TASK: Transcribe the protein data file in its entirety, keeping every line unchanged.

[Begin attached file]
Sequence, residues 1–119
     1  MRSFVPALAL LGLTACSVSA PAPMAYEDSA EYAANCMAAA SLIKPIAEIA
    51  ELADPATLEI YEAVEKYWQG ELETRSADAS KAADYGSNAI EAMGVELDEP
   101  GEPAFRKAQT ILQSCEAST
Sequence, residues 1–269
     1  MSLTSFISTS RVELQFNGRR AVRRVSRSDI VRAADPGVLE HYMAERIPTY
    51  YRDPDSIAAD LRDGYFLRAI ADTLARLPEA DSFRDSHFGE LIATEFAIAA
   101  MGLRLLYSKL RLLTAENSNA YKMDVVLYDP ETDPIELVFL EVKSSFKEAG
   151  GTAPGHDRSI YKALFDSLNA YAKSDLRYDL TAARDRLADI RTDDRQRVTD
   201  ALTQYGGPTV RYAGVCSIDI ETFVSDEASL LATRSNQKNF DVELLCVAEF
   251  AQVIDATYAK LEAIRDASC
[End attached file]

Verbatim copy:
Sequence, residues 1–119
     1  MRSFVPALAL LGLTACSVSA PAPMAYEDSA EYAANCMAAA SLIKPIAEIA
    51  ELADPATLEI YEAVEKYWQG ELETRSADAS KAADYGSNAI EAMGVELDEP
   101  GEPAFRKAQT ILQSCEAST
Sequence, residues 1–269
     1  MSLTSFISTS RVELQFNGRR AVRRVSRSDI VRAADPGVLE HYMAERIPTY
    51  YRDPDSIAAD LRDGYFLRAI ADTLARLPEA DSFRDSHFGE LIATEFAIAA
   101  MGLRLLYSKL RLLTAENSNA YKMDVVLYDP ETDPIELVFL EVKSSFKEAG
   151  GTAPGHDRSI YKALFDSLNA YAKSDLRYDL TAARDRLADI RTDDRQRVTD
   201  ALTQYGGPTV RYAGVCSIDI ETFVSDEASL LATRSNQKNF DVELLCVAEF
   251  AQVIDATYAK LEAIRDASC